Dictionary of National Biography, 1885-1900/Abercromby, Robert (1740-1827)
ABERCROMBY, Sir ROBERT (1740–1827), military commander, was born at Tullibody, his father's seat in Scotland, in 1740, and was a younger brother of the more famous Sir Ralph. His desire to enter the army was as great as his elder brother's; and while Ralph was serving in Germany, Robert served as a volunteer in North America with such gallantry, that, after the battle of Ticonderoga in 1758, he was appointed an ensign, and in 1759 a lieutenant in the 44th regiment. He was present at the battle of Niagara and the capture of Montreal, was promoted captain in 1761, and retired on half-pay at the peace in 1763. He spent some quiet years in Scotland, but on the breaking out of the war with the American colonies felt none of the political scruples of his brother Ralph, and at once offered his services to the government. They were gladly accepted, because of the numerous retirements of officers from political reasons, and in 1772 he was appointed major in the 62nd regiment, and in 1773 lieutenant-colonel of the 37th. He served with great distinction throughout the war, and was present at the battles of Brooklyn, where his brother James was killed, Brandywine and Germantown, at the occupation of Charleston, and the capitulation of Yorktown. His services were the more appreciated from his brother's well-known political opinions, and in 1781 he was promoted colonel, and made aide-de-camp to the king. In 1787 he was made colonel of the 75th regiment, and in 1788 accompanied it to India.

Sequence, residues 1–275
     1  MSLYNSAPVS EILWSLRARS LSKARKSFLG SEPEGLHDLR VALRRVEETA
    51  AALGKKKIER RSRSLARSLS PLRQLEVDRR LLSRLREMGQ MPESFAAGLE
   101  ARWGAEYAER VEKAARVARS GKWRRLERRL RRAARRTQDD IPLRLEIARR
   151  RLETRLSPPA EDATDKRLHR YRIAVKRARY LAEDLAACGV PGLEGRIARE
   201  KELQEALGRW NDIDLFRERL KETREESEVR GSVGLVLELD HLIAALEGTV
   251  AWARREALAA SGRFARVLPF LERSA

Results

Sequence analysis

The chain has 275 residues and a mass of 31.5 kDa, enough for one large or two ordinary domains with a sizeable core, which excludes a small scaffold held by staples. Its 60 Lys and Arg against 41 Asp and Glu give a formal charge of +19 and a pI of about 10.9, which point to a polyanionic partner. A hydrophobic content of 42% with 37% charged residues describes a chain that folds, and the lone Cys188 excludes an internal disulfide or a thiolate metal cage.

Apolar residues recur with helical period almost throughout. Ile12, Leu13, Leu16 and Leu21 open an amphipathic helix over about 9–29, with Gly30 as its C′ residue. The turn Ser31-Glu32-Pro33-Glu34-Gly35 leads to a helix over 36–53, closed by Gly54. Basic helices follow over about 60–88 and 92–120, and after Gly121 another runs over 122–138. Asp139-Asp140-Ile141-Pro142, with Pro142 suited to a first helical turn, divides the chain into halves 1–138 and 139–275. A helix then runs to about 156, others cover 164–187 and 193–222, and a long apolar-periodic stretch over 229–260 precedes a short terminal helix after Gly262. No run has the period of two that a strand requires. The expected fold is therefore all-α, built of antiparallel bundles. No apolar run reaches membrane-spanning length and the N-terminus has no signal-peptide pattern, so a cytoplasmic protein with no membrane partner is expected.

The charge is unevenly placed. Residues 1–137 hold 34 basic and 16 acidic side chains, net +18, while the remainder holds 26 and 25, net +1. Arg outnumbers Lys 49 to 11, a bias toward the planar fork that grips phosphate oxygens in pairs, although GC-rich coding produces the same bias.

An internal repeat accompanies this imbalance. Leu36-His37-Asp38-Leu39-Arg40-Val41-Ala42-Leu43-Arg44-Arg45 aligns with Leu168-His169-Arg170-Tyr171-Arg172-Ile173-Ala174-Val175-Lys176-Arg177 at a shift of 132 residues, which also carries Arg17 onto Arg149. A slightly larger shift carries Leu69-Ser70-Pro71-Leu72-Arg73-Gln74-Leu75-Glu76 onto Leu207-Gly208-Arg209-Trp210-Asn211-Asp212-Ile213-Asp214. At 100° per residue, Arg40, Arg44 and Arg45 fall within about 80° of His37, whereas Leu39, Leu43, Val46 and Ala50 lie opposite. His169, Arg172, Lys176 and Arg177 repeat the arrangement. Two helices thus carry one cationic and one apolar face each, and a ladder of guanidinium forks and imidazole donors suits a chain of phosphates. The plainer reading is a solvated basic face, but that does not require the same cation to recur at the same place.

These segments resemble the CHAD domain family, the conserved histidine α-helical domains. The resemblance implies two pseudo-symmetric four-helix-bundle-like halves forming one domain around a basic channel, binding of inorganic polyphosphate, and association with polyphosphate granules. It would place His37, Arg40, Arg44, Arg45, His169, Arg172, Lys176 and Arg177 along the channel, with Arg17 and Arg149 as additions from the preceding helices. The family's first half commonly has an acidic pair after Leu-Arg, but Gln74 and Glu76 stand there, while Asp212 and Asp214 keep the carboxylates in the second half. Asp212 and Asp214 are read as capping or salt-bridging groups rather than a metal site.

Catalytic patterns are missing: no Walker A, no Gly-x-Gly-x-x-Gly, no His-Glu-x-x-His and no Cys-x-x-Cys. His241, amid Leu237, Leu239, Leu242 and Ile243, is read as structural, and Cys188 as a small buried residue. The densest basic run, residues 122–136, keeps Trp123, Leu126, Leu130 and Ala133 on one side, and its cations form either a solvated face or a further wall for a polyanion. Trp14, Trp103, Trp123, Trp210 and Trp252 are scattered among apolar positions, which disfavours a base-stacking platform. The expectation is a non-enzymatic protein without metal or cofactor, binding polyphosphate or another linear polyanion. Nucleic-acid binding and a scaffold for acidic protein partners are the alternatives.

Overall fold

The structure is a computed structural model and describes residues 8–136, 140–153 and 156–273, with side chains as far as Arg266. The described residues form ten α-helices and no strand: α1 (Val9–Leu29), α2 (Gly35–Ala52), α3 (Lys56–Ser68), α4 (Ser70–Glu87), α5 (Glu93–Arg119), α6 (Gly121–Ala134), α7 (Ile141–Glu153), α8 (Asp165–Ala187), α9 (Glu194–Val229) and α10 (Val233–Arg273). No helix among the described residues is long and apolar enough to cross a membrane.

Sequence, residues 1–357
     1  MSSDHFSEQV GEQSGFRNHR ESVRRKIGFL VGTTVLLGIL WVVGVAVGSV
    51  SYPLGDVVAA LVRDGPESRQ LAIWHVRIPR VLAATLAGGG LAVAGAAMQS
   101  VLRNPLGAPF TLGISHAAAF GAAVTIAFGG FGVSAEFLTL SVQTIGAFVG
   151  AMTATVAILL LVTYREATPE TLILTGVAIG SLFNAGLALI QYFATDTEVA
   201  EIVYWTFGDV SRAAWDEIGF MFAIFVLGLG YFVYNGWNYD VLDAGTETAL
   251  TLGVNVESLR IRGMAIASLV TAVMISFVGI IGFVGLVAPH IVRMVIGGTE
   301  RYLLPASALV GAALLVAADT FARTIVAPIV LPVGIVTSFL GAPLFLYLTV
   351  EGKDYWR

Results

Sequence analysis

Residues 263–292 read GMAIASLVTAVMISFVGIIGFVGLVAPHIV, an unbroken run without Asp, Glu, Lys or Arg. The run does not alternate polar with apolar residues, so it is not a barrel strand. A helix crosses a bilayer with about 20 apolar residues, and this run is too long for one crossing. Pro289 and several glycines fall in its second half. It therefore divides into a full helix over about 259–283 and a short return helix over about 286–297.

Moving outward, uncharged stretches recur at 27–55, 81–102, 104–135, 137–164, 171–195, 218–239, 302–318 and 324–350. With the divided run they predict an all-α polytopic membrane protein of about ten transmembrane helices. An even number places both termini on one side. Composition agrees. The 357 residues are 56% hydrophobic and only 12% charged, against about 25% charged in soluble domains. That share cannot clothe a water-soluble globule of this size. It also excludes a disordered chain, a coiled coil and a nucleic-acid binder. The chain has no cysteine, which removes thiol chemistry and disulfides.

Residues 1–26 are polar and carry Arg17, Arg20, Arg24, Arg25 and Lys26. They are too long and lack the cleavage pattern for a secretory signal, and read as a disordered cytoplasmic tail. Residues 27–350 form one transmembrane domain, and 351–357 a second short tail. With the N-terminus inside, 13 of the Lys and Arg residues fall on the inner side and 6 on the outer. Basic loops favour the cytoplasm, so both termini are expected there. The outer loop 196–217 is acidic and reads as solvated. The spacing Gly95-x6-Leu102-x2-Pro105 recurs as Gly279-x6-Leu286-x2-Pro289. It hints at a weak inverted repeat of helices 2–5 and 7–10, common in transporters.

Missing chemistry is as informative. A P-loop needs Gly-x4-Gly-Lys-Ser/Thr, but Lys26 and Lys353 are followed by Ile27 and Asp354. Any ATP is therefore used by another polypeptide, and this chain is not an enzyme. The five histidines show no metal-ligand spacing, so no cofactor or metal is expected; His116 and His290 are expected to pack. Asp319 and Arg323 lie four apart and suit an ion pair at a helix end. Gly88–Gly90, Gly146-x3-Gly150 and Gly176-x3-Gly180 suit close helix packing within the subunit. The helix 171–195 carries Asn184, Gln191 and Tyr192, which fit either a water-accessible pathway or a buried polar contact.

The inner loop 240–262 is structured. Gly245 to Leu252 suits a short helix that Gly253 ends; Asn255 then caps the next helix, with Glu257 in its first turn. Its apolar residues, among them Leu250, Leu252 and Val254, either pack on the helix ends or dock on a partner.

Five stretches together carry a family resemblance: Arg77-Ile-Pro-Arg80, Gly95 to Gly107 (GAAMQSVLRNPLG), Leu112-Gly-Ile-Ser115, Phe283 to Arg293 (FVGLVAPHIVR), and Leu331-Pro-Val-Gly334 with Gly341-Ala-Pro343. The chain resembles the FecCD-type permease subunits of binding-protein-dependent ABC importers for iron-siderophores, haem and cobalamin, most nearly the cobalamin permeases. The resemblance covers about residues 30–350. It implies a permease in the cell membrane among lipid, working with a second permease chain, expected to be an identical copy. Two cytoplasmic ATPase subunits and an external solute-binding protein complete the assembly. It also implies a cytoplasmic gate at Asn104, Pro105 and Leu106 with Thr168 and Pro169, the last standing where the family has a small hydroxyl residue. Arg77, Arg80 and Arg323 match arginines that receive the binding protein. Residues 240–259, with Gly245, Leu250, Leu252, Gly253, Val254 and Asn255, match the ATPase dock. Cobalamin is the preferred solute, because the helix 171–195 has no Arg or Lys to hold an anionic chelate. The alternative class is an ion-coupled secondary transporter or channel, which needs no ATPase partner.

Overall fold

In India during the next nine years he won his chief military renown. In 1790 he was governor and commander-in-chief at Bombay, and was directed by Lord Cornwallis to co-operate with him in his attack on Mysore. He first occupied with his forces the Malabar coast, and not without some resistance from the independent chieftains who either feared or loved Tippoo Sultan, and in 1792 marched up from the west to meet Lord Cornwallis before Seringapatam. His march was completely successful, and Tippoo had to sign the tripartite treaty of Seringapatam. For his eminent services he was made a knight of the Bath, and appointed to succeed Lord Cornwallis as commander-in-chief of the forces in India. He left Bombay in November 1792, but did not become commander-in-chief till the departure of Cornwallis in October 1793. His term of office was chiefly remarkable for the second Rohilla war and the mutiny of the officers of the company's service.
After the reduction of the wild but warlike tribes of the Rohillas by the orders of Warren Hastings after his disgraceful convention with the Vizier of Oudh, the district of Rampoor was given to Fyzoollah Khan, one of the Rohilla chieftains. On his death, in 1793, the Vizier of Oudh wished to resume this district for his master; but the governor-general supported the claim of Mahommed Ali to succeed his father, Fyzoollah Khan. In 1794, however, Mahommed Ali was murdered by a relative named Gholam Mahommed, and Abercromby was ordered by the governor-general, Sir John Shore, to punish the murderer. Abercromby advanced with a small force, and after a long and well-contested action at Battina defeated Gholam Mahommed. His own ability and the gallantry of his troops were at once acknowledged by Sir John Shore; but he was censured for admitting the murderer to terms.